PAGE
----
I welcome the recent Mental Health Foundation report and its focus on the importance of a healthy body image. Scotland is at the forefront of tackling that worldwide issue. Body image is increasingly recognised as a factor that can negatively affect people’s self-esteem and mental health. That is particularly, but not exclusively, the case for young women, as was highlighted by recent research that we published. We take seriously the report and the acuteness of those issues for young people. This morning, I announced the establishment of an advisory group on healthy body image for young people. Following a six-month review, the group will provide the Scottish Government with specific recommendations for the next steps on how to promote and achieve a healthy body image.
The survey highlighted the profound impact that things such as social media and online advertising are having on many young people in Scotland. It also alluded to differences in the perception of body image among people from ethnic minorities and people in the lesbian, gay, bisexual and transgender community. It is sad that the survey reported that 38 per cent of adults said that they felt depressed about their body image, and 32 per cent of young people in Scotland thought that images on social media were causing them to worry about it.
I welcome the establishment of the advisory group. Will the minister elaborate on the make up of the group’s membership, its strategy and objectives, whether its focus will extend to at-risk adult groups and whether any funding has been allocated the group?
It is particularly fitting that we are discussing the issue in Parliament during mental health awareness week and learning disability week.
This morning, I met Girlguiding Scotland to discuss the impact of body image on its members’ mental health and wellbeing and to seek its views on the advisory group. I am happy to give Mr Greene more detail. The advisory group will focus on the following tasks: developing a charter pledge on healthy body image for young people; developing a Scotland-wide definition of what body image means; developing options for how relevant professionals can support healthy body image, including in schools; considering the need for wider public consultation on where actions should be taken; and providing the Scottish Government with specific recommendations and advice on the next steps. The group will link into the forthcoming advice on healthy social media use that we announced a few weeks ago, and it will reflect the issues relating to adolescent females, as highlighted in the report.
We will announce the make up of the group in due course.
I thank the minister for the further clarification.
There were a number of other recommendations in the report that we should take seriously, although I appreciate that some of them relate to reserved matters, such as regulation of the industry and the internet. However, I would like to have an understanding of the Scottish Government’s position and what steps it can take around improving the reporting of, for example, online abuse on social media, and making recommendations on public awareness of a greater diversity of body types. Does the Government think that it has a role to play in changing people’s perceptions in Scotland of the great diversity that exists and the idea that one should never be ashamed of one’s own body.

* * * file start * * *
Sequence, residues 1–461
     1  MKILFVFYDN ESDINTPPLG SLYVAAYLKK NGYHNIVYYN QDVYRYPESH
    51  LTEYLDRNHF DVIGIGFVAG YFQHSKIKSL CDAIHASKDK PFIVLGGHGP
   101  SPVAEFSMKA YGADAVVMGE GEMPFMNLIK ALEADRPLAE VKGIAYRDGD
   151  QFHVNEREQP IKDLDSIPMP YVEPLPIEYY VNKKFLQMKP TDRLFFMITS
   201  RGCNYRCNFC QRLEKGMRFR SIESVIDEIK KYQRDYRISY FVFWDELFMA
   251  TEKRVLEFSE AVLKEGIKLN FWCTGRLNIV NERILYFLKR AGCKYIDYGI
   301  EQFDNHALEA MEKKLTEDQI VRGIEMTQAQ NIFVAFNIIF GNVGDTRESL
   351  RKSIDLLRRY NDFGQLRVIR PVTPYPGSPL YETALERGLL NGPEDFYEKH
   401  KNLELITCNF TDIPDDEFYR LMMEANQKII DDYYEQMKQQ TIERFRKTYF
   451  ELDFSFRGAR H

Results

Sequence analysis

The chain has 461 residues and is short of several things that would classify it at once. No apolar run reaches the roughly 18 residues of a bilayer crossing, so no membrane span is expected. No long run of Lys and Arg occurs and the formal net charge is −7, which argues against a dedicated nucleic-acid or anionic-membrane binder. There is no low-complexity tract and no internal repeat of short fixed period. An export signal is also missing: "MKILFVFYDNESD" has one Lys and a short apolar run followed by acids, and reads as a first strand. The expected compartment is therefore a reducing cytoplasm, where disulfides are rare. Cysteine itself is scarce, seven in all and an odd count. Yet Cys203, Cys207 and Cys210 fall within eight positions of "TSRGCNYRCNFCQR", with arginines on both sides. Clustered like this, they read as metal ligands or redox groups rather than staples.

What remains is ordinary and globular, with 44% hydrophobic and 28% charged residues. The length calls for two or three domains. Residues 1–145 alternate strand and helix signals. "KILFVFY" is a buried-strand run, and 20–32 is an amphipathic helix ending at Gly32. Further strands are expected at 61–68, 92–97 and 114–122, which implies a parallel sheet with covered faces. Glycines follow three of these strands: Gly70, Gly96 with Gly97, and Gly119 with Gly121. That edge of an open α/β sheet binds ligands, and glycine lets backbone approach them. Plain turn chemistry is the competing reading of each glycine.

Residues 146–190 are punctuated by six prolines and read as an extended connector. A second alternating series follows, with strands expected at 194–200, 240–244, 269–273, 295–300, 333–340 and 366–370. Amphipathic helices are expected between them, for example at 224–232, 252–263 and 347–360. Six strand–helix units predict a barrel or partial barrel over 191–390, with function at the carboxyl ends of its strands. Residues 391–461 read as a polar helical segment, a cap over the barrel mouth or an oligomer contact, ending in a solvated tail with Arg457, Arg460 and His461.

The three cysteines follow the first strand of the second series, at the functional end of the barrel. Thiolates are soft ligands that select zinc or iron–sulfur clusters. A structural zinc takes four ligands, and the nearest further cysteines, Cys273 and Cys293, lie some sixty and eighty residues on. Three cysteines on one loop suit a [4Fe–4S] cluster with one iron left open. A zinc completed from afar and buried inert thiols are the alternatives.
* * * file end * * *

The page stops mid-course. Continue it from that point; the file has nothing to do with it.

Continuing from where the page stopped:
Mr Greene raises some interesting points. It is incumbent on us all to challenge some of the perceptions that people—particularly, but not exclusively, young people, and certainly not exclusively adolescent girls—report in relation to their body image and how those affect their mental wellbeing.
We recognise the links between unhealthy use of social media and lower mental wellbeing in children and young people. That is why we committed to publishing advice on healthy social media use. That piece of work will link into the advisory group, which will come back to the Scottish Government with recommendations.
The minister will be well aware that people with diabetes face particular mental health challenges arising from body image and physical health. I am sure that she will also know that there was a round-table meeting in Parliament today that highlighted those issues.
Does she agree with Diabetes Scotland that it is important that patients have access to psychological and emotional support, as well as to routine examinations relating to their physical health, and does she agree that patients should be involved in the design of that support?
To answer Mr Macdonald’s last point about patients being involved, I think that we need to have the voices of lived experience at the heart of all that we do. We have demonstrated that by setting up the children and young people’s mental health task force, which is co-chaired with young people, and young people will certainly be involved in developing the social media guidance for young people. Therefore, we need to ensure that we have that lived experience.
I am aware of the specific issue that Mr Macdonald raises, and that is why we have continued to increase our investment in mental health services. There will be an additional £250 million of investment in mental health services over the next five years to improve services for children and young people and adults across the piece and embed the good mental health record across all our public services.